A high-profile California insurance company that is backing a controversial insurance measure on the June ballot has engaged in practices that may be illegal, including deceptive pricing and discrimination against consumers such as active members of the military and drivers of emergency vehicles, according to a state report obtained by The Chronicle.
The report, obtained through the state Public Records Act, alleges that Mercury Insurance Group may have violated Proposition 103, the landmark consumer protection law approved by voters in 1988. The measure limited the cost of policies and made civil rights and antitrust laws apply to the insurance industry.
In its reporting, the state found evidence that Mercury may have violated state laws by:
-- Flagging some consumers for higher rates if they had been in an accident, even if it was not their fault.
-- Not immediately granting coverage to applicants including military personnel on active duty, "artists," those employed "in the entertainment industry as actors, dancers, etc.," and emergency vehicle drivers.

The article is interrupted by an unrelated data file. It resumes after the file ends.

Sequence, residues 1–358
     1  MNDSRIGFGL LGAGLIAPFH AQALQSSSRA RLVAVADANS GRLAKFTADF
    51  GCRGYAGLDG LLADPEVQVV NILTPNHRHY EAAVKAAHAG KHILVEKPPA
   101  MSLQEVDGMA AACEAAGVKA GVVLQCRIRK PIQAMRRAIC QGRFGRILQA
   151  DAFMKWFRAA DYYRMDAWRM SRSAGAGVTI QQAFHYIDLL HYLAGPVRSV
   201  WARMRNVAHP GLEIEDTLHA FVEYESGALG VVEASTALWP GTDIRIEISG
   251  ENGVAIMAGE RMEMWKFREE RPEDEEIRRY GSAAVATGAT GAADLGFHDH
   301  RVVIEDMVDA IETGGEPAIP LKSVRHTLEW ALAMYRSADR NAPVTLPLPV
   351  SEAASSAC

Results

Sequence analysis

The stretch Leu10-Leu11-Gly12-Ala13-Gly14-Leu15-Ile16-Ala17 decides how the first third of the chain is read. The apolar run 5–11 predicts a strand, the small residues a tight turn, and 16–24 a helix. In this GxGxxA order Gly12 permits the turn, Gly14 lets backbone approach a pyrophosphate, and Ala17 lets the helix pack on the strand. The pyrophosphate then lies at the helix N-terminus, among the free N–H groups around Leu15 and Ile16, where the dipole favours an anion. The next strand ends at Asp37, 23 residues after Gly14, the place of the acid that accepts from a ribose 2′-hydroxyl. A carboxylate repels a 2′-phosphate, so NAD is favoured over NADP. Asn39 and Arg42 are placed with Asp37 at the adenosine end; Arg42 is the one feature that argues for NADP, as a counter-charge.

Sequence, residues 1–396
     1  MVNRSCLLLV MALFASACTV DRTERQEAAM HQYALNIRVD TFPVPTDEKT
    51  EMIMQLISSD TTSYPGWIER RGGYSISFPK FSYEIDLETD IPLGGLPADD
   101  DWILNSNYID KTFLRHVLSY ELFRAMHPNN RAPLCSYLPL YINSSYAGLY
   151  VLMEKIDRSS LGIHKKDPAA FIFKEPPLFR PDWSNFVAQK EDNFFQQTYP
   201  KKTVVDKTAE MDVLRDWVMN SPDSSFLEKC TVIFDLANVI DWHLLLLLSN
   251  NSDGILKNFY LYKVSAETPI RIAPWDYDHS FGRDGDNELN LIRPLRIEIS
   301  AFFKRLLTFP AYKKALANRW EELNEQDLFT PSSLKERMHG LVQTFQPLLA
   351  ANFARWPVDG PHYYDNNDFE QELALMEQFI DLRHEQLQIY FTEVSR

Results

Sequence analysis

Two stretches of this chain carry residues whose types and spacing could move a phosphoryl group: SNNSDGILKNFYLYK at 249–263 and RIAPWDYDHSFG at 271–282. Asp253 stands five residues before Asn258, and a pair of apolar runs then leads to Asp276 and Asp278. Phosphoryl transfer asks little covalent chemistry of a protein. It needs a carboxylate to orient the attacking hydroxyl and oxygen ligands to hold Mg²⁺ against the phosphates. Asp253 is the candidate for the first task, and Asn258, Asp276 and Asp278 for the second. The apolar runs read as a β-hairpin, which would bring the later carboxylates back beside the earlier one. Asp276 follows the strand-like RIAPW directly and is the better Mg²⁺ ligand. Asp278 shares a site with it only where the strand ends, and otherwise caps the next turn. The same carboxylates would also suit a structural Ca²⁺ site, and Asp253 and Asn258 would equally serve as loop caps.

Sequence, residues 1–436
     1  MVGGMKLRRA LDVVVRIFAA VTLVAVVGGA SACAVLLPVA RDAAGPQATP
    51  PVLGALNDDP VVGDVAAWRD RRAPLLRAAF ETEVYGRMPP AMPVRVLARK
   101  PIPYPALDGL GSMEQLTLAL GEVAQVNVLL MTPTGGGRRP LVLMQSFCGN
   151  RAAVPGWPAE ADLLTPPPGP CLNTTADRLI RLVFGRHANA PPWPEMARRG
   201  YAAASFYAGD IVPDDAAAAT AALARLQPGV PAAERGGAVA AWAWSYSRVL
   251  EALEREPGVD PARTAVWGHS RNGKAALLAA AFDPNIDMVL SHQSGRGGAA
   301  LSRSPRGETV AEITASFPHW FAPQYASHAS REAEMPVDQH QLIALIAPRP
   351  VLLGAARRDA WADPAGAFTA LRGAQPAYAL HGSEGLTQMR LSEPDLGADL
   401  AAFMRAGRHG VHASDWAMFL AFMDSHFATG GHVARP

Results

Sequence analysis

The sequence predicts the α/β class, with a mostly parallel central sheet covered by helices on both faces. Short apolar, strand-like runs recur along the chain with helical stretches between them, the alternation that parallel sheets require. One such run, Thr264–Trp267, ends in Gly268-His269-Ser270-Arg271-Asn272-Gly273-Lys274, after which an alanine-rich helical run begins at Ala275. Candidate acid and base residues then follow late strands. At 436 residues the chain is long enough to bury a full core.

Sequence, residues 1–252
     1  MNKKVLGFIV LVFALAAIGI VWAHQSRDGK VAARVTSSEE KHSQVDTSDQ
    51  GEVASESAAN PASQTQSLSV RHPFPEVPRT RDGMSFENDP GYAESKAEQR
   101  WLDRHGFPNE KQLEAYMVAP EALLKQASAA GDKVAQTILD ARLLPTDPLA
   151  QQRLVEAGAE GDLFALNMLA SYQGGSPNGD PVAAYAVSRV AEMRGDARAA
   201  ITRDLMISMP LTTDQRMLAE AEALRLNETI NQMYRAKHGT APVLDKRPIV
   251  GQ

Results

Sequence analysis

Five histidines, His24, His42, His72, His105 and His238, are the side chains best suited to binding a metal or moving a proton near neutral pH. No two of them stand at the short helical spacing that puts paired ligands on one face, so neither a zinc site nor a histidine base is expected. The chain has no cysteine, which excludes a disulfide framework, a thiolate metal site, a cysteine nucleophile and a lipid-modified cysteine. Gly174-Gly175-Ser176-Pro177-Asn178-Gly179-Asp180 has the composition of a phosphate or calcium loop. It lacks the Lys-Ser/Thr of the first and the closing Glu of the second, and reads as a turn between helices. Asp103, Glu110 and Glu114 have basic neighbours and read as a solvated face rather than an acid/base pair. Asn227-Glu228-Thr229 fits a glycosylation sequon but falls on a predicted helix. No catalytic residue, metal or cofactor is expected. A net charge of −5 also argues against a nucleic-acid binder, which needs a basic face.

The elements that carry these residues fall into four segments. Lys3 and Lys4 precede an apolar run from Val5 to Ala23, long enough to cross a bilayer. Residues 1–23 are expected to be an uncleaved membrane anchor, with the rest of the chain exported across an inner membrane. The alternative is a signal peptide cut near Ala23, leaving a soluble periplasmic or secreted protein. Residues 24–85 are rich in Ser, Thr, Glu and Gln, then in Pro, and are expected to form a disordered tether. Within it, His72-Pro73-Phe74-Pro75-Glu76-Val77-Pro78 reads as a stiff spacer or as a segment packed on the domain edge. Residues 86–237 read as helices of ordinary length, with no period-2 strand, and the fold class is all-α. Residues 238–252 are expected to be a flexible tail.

-- Raising insurance premiums after its sales agents quoted prices for discounts for which the consumer was not eligible. The department said this was the single largest category of complaints it received about the firm.
-- Collecting higher premiums than allowed by law by requiring its brokers to return part of their fees to the company.
-- Requesting information about customers' "national origin," a practice that the department said "could raise questions about the legality of Mercury's personal automobile policy cancellation and non-renewal decisions" under state law. Mercury agreed to block such data after the state investigators raised concerns.
"Mercury has a deserved reputation for abusing its customers and intentionally violating the law with arrogance and indifference," the state department wrote in a Feb. 20, 2009, legal filing related to its administrative case.
Since 2006, the state has fined Mercury $600,000 for violations based on its own examinations and for consumer complaints about the firm, state officials said.